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Why Financial Literacy Should Start at Home

I was chatting recently with an associate who said, “Kids don’t appreciate money nowadays; they think money grows on trees!” This is something I often hear, whether from my friends, colleagues or clients. If you put a group of parents together in the same room, I think 90 percent of them will complain about the same thing: Kids don’t manage their money well or appreciate the value of a dollar.

The topic of financial literacy and kids is a common denominator across all clients, and it’s imperative that we start teaching about this topic at a young age. Despite the abundance of advisors in the marketplace, there aren’t many who hit the mark when it comes to helping clients handle their children’s relationship with money. Ideally, we should help children understand the four key areas of personal finance: saving, spending, investing and donating.

 

Why Financial Education Matters

Everyone deals with money. Whether you have $1,000 or $10 million, it’s essential for everyone to learn money management skills at some point in life. Unfortunately, when consumers don’t have the level of financial literacy that they need, they lack confidence and get stressed about finances. This eventually leads to consumers making less-than-ideal money decisions.

In fact, a recent study from the Million Dollar Round Table (MDRT) proved this by looking at the financial confidence of Americans who have hired a financial planner versus the confidence of those who haven’t. People who never hired a financial professional were fairly confident about simple terms such as “life insurance” (51 percent) and “401(k)” (52 percent). However, they felt unsure about more advanced terms such as “long-term care insurance” (31 percent) and “annuities” (28 percent).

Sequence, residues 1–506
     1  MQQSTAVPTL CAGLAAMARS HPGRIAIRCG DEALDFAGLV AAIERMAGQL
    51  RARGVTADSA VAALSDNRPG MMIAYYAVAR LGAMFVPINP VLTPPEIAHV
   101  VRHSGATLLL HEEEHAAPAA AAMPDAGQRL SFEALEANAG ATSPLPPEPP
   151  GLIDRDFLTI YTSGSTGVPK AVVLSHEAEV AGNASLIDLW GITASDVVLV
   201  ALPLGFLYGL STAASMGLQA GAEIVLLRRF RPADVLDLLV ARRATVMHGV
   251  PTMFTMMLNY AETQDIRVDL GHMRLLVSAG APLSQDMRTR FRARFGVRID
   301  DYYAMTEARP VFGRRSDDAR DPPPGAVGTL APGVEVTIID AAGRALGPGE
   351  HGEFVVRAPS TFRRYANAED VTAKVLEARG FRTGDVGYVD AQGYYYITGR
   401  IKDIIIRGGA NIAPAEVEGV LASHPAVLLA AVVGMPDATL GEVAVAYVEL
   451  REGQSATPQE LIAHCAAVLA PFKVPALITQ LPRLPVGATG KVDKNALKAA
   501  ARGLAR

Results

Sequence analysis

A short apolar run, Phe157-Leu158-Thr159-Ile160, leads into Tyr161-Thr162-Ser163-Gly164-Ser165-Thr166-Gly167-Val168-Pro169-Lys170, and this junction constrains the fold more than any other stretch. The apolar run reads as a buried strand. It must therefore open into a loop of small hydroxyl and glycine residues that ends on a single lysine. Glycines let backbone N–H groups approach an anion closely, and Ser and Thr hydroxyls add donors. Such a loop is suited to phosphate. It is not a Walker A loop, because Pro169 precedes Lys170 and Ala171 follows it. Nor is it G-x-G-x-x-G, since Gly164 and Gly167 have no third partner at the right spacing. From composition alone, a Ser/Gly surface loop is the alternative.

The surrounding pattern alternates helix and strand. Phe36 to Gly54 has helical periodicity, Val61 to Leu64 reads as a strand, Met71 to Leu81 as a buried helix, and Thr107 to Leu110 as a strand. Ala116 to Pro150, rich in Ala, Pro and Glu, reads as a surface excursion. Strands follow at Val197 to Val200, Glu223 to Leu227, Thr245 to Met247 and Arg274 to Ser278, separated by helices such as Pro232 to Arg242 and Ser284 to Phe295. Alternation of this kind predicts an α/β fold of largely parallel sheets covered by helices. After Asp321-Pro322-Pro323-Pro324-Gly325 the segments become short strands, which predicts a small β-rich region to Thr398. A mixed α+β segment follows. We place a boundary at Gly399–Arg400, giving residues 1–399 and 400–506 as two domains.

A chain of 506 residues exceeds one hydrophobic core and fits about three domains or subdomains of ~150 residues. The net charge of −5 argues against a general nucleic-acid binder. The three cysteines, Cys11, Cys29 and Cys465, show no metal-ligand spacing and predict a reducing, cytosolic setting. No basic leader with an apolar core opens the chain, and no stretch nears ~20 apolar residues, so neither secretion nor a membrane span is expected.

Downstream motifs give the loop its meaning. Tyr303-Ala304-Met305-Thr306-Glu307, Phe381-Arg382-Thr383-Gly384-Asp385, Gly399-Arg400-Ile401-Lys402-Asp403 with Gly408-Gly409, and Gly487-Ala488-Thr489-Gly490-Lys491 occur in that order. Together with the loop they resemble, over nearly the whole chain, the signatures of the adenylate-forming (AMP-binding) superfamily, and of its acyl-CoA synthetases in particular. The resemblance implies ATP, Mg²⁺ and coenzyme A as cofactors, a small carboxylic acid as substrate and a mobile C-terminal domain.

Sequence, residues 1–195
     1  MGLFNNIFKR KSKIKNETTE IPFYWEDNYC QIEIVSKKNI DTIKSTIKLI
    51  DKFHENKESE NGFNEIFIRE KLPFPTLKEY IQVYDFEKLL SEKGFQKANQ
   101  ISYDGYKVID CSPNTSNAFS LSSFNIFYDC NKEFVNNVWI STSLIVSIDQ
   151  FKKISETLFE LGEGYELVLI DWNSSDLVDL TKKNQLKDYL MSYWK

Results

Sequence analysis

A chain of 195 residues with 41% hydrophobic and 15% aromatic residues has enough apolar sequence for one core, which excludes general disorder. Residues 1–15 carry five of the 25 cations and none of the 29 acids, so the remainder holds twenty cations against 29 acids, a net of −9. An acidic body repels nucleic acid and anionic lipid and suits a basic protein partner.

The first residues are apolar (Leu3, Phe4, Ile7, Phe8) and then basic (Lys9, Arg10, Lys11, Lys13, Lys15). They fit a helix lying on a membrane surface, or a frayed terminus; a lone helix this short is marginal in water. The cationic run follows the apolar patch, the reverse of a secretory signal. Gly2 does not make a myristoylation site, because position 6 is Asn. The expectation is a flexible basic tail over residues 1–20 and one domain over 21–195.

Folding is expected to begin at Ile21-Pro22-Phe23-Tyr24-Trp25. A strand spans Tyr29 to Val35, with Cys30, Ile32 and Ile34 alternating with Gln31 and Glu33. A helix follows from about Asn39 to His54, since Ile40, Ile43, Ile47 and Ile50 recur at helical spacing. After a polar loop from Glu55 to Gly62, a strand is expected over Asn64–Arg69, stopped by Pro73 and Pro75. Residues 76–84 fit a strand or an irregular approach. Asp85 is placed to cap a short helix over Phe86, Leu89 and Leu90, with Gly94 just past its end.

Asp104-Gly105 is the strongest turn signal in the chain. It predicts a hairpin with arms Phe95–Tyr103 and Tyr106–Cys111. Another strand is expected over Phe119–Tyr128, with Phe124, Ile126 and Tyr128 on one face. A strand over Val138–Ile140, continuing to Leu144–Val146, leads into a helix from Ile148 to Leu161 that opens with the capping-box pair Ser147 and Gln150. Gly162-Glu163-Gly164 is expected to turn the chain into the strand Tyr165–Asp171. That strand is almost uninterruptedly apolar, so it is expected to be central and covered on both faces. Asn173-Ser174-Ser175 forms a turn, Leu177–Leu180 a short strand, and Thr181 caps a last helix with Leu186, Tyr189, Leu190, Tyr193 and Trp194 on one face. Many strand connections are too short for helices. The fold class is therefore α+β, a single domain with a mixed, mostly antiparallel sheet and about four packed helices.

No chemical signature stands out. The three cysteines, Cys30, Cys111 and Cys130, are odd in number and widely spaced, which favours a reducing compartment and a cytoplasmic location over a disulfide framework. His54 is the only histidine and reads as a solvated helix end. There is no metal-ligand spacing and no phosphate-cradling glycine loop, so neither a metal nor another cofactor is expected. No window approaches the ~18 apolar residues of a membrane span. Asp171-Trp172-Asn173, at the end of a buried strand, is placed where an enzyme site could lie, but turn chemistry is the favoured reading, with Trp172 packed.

Unsurprisingly, the more confident consumers feel, the better are the financial choices they make. The study also shows that only 19 percent of Americans who never hired a financial professional have a long-term financial plan for the future. On the other hand, 50 percent of those who have hired a financial professional have a long-term financial plan for the future. Evidently, financial planning and education are keys to feeling confident about your financial decisions and ensuring that you have the best financial future possible.

The parents I’ve worked with actually seem to know this better than anyone else. Many adults my age remember money being a taboo subject in the home when we were younger. This is probably why many of my clients and I are so passionate about educating kids about money and personal finance. However, because our parents avoided these types of conversations, adults in my age bracket, 40 to 50, aren’t as well-versed in financial information as we might like to be. The good news is that today’s parents are getting smarter and opting to have a more open dialogue about money and finances within their households.

 

Our Method: Provide Resources, Let Parents Teach

Unfortunately, very few places are equipped to handle these types of money conversations. While many believe that early financial education should begin in school, the reality is that school budgets are stressed and teachers may not have the correct expertise to instruct on the subject matter.